The U.S. Government Reforms Child Product Safety Laws (Great Events from History II: Business and Commerce Series)
Article abstract: Federal legislation prevented the marketing of potentially harmful children’s products.
Summary of Event
During the 1970’s, the federal government of the United States undertook a concerted effort to improve the safety of toys and other products used by children. This effort was presaged by passage of the Child Protection Act of 1966, which prohibited sale of any hazardous substance that might cause harm to children, if it failed to display a warning label on either the product or its package. The Food and Drug Administration (FDA) was responsible for enforcing this act, which amended the Hazardous Substances Labeling Act of 1960. Prior to this act, signed into law on November 3, 1966, toy manufacturers were not held accountable for product safety or for reducing the risk of injuries sustained to children using their products.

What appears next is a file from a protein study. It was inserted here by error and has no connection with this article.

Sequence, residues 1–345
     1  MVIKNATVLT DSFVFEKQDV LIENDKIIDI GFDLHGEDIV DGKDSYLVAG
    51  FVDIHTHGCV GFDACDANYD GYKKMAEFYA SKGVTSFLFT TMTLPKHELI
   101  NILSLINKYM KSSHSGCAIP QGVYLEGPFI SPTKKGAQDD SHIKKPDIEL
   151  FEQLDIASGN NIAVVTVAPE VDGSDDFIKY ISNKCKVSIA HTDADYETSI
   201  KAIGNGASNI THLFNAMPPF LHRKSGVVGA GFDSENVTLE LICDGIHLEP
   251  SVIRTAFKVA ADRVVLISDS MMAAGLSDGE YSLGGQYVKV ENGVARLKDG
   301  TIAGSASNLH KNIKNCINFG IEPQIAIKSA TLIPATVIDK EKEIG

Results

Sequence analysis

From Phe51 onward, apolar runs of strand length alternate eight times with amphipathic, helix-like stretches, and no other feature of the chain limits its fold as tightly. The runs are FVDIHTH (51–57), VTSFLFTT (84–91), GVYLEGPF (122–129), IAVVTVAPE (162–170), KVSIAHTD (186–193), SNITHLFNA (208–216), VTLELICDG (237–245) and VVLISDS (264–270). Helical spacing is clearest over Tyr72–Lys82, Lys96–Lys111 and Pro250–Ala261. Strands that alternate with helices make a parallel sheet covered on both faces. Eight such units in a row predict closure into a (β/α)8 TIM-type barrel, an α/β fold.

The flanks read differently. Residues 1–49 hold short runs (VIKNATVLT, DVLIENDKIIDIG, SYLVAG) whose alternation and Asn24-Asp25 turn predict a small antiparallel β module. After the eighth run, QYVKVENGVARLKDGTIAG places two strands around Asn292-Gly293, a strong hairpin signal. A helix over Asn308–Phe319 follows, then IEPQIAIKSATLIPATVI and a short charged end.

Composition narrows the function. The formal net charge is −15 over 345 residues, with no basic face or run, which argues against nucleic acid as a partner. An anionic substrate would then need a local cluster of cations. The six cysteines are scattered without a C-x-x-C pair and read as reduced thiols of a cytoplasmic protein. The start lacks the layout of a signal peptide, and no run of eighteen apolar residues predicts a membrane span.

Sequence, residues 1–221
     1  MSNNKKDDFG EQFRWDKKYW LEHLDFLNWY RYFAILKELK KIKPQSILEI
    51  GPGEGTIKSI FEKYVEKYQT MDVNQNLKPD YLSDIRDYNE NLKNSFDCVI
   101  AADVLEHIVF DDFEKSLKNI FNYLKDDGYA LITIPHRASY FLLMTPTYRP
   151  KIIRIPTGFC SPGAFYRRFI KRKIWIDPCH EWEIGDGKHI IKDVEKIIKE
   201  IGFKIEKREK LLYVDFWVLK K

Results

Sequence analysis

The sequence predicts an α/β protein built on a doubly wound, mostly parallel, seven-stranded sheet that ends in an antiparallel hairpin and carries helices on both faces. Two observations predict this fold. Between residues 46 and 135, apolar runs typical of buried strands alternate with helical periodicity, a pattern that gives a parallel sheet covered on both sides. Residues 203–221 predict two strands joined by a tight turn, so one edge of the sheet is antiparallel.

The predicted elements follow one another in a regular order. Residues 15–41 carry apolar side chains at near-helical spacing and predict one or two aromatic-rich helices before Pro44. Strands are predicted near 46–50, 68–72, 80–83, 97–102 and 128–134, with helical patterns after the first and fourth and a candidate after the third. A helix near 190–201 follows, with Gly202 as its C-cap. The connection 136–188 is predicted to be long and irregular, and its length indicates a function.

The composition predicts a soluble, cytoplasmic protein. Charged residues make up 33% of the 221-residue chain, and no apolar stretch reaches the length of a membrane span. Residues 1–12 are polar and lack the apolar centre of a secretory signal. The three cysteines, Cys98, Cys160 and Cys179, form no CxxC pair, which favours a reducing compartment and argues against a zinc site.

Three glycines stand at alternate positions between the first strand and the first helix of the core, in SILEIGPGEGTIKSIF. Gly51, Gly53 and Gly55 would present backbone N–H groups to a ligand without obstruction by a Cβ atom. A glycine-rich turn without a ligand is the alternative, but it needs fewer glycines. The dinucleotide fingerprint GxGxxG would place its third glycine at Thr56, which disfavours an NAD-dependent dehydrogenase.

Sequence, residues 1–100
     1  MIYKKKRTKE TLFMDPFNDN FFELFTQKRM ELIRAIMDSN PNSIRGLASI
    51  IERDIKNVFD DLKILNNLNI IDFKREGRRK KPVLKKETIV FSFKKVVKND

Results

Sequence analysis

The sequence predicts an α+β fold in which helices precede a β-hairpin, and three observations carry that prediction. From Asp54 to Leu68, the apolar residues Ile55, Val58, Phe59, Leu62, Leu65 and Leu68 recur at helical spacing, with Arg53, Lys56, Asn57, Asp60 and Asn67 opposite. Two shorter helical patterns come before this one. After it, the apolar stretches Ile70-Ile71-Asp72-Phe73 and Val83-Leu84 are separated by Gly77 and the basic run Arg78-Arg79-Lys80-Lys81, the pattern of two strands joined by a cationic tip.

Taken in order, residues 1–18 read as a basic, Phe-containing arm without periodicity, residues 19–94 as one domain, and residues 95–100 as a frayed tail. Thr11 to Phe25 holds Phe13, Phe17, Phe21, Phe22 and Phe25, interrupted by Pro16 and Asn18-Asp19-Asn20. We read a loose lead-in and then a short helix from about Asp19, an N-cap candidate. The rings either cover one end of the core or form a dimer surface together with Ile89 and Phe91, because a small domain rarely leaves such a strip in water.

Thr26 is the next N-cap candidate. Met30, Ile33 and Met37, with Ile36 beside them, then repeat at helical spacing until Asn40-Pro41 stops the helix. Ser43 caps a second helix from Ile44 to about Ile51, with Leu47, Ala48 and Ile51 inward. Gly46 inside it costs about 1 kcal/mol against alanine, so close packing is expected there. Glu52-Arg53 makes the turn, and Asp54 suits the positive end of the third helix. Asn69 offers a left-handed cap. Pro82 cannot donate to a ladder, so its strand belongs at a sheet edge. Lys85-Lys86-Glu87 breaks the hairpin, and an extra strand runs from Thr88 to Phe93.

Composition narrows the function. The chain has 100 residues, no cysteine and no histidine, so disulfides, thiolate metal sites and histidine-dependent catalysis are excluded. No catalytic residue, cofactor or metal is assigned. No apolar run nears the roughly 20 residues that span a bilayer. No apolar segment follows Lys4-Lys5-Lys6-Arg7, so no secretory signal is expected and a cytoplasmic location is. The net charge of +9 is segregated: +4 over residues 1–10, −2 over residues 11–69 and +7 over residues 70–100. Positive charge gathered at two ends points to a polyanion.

On November 6, 1969, the Child Protection and Toy Safety Act was passed, extending the requirements of manufacturers by prohibiting any toxic, corrosive, or flammable toy or article that could cause personal injury or illness to children. In addition, if a product could cause an electrical, fire, or mechanical hazard to children, a label was to be displayed on the product or its package warning of its potential danger. The law gave the secretary of health, education, and welfare the authority to ban what the FDA classified as a hazardous substance.
(The entire section is 2030 words.)
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